Video guest: Josephine Mwangi

January 2018
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Monday, 22 January 2018
NGO's have some concerns on how the EU will tackle poverty issues. They have contacted their Ministers to highlight issues such as focus aid spending on tackling poverty in the EU financial perspectives; HIV/AIDS; lacl of development perspective in trade issues.
Monday, 21 February 2005
New website of the European Commission where you find booklets that explain what the European Union is and what it does, maps, posters and postcards the EU for young people in the 20 official languages of the European Union!

At the occasion of CTA observatory in September 2004 on "ICTs for rural youth livelihoods in ACP countries", a visit to policy-makers in Brussels underlined the need for more understanding and information on the EU-ACP relations. This new portal will certainly be useful for them.
Friday, 18 February 2005
The long-term downward trend in agricultural commodity prices threatens the food security of hundreds of millions of people in some of the world’s poorest developing countries where the sale of commodities is often the only source of cash, says a new report released today by FAO.SOCO 2004 lays out an agenda for action to combat the growing problems caused by oversupply and market distortions. It urges World Trade Organization negotiations to give priority to reducing agricultural tariffs, producer support and export subsidies in developed countries. It calls for the elimination of tariff escalation that penalizes exports of processed goods from developing countries. At the same time, it urges developing countries to reduce their tariffs in order to encourage trade among themselves and to allow their consumers to benefit from lower world prices. It also highlights the need for developing countries to improve their capacity to take advantage of opportunities opened by trade liberalization. The report calls for measures that would help LDCs improve their capacity to take advantage of trading opportunities and to participate more effectively in trade negotiations. It suggests compensating low-income economies for any loss of trade preferences that result from the on-going WTO trade negotiations. Increased investment to improve productivity of domestic food production in developing countries is also recommended by the FAO report, along with mobilizing resources to support generic promotion campaigns and diversification into non-traditional agricultural exports and the export of value added processed goods. Programmes to help farmers insure against shocks that could damage their crops or undermine prices are among the report’s recommendations. Weather insurance, forward-pricing systems and market-based price insurance are some of the schemes that have been proposed to deal with the inherent volatility of agricultural markets.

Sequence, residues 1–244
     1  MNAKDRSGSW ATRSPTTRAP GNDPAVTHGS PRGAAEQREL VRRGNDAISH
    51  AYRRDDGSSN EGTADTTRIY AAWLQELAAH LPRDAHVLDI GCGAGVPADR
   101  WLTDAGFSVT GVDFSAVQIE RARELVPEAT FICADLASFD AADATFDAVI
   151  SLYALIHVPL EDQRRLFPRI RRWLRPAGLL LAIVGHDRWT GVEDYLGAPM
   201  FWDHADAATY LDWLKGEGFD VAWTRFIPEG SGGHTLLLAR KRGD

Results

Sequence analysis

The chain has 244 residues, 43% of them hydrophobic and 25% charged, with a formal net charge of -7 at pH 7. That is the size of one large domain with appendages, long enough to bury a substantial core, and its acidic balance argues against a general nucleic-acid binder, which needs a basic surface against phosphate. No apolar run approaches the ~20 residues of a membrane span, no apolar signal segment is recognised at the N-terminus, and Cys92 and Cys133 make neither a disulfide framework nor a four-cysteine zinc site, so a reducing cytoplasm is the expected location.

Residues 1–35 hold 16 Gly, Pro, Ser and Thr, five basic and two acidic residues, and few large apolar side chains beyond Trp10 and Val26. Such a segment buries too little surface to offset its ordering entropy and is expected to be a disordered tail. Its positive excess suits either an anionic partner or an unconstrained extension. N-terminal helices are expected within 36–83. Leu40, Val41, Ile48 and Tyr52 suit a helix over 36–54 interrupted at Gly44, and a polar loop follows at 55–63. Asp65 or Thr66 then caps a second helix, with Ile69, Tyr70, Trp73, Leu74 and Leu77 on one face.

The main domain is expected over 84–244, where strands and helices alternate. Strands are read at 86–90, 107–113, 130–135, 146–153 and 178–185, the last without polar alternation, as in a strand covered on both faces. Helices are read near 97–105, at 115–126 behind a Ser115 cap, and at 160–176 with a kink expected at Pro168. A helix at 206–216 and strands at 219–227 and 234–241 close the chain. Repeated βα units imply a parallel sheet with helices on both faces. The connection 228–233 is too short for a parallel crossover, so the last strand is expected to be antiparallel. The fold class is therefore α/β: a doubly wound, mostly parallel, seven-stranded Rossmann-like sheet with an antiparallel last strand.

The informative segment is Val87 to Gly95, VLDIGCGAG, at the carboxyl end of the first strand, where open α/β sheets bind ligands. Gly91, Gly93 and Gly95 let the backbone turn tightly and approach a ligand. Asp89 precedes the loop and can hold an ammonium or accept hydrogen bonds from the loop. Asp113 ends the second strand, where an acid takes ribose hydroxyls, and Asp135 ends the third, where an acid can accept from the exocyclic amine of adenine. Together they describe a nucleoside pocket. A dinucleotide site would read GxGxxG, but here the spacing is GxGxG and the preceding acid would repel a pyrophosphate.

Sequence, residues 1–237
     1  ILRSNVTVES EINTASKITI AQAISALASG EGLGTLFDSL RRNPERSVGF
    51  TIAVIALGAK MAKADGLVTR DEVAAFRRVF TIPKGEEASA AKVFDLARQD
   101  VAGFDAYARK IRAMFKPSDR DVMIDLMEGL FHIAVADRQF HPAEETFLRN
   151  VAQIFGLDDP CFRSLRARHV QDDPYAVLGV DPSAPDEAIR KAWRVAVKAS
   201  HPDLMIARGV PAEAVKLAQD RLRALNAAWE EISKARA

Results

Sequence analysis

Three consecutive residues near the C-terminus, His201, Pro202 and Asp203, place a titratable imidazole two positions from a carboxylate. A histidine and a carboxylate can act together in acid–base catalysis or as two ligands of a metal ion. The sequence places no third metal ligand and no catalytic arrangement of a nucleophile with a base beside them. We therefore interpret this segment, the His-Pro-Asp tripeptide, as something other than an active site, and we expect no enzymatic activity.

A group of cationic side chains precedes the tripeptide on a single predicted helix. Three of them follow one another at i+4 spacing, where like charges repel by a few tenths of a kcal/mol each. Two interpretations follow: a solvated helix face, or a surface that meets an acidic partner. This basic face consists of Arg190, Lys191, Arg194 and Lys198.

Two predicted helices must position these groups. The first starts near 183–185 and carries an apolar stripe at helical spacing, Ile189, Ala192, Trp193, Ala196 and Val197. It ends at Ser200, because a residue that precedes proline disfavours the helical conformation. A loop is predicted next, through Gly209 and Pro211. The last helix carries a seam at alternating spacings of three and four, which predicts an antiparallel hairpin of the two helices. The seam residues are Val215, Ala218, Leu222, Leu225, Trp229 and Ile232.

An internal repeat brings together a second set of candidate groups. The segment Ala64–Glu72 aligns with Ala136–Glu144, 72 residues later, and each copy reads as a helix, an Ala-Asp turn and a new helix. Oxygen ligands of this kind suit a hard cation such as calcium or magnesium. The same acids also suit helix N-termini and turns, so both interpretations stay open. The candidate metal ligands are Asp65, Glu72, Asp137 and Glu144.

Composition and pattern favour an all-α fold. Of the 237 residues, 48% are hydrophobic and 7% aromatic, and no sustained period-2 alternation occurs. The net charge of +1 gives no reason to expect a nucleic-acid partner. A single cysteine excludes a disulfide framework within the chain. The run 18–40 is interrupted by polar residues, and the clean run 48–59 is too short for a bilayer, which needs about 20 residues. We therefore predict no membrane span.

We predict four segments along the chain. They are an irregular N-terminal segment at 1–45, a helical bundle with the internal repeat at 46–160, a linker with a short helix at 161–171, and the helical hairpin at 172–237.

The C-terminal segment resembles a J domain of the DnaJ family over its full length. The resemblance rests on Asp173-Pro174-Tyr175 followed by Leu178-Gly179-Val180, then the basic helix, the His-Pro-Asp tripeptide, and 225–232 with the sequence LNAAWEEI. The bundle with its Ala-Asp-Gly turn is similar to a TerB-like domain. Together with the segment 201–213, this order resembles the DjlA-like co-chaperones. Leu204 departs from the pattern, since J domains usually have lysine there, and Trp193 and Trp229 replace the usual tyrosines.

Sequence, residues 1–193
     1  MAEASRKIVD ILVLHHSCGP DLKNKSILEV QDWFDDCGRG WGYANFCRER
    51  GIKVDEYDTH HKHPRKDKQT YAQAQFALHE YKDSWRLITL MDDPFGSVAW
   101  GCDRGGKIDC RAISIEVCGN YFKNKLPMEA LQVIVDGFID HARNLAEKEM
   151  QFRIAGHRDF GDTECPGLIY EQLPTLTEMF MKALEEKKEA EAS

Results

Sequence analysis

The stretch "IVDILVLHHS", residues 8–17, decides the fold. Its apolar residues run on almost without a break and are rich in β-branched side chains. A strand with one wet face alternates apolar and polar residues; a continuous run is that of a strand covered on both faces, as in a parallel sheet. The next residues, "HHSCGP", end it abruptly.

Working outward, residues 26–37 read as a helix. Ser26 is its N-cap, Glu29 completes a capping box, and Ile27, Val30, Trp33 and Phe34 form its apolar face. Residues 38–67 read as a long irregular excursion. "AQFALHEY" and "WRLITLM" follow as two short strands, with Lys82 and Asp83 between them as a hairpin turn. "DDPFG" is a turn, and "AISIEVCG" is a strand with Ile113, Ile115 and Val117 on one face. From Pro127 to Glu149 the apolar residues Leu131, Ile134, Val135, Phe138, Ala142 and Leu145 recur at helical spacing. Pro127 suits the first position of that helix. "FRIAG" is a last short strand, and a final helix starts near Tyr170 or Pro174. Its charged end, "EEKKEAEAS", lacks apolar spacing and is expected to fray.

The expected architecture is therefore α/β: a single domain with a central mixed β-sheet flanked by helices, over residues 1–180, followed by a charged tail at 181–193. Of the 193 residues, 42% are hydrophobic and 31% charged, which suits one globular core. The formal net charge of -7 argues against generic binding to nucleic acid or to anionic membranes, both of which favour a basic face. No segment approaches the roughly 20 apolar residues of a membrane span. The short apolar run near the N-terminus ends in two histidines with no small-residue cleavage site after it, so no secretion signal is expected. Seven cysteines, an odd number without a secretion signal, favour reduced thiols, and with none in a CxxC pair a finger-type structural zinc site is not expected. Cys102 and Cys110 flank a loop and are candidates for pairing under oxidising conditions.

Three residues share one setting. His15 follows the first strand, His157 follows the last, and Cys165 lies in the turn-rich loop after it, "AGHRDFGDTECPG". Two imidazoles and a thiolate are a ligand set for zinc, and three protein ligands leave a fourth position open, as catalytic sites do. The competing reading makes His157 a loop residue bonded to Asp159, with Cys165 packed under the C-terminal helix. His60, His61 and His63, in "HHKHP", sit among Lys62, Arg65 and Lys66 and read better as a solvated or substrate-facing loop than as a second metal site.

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The European Commission today adopted a report to the European Parliament and the Council on the operation of the common market organisation (CMO) in bananas. The factual report provides an overview of the functioning of the banana regime as of 1999. It gives basic information, figures and graphs on the structure and implementation of the CMO in bananas (producers' organisations, compensatory aid, structural measures and trade with third countries), on the special framework of assistance for traditional ACP banana suppliers and on the market trends in the EU. An in-depth evaluation on the implementation of the CMO as of 1993 is currently under way and is to be competed in the second quarter of 2005. Simultaneously, the Commission has engaged in negotiations under Article XXVIII of the GATT in order to introduce a "tariff only" regime for banana imports as of 1 January 2006. On the basis of the results of the evaluation, the Commission will deepen the debate with its institutional, economic and social partners on possible improvements of the CMO. The full text of the report is attached.

See Agritrade portal of CTA, and the Bananas sector

Today is the occasion of the Third Earth Observation Summit, hosted by the European Commission in Brussels. Representatives of around 60 nations and over 40 international organisations will endorse a 10-year plan with concrete steps towards comprehensive co-operation in Earth observation. Over the next decade, this system will increase our understanding of the Earth and how it works. With benefits as broad as the planet itself, this initiative promises to make peoples and economies around the globe healthier, safer and better equipped to manage their basic daily needs. The aim is to create an observation system as interrelated as the planet it observes, predicts and protects, providing the science on which sound policy and decision-making can be built.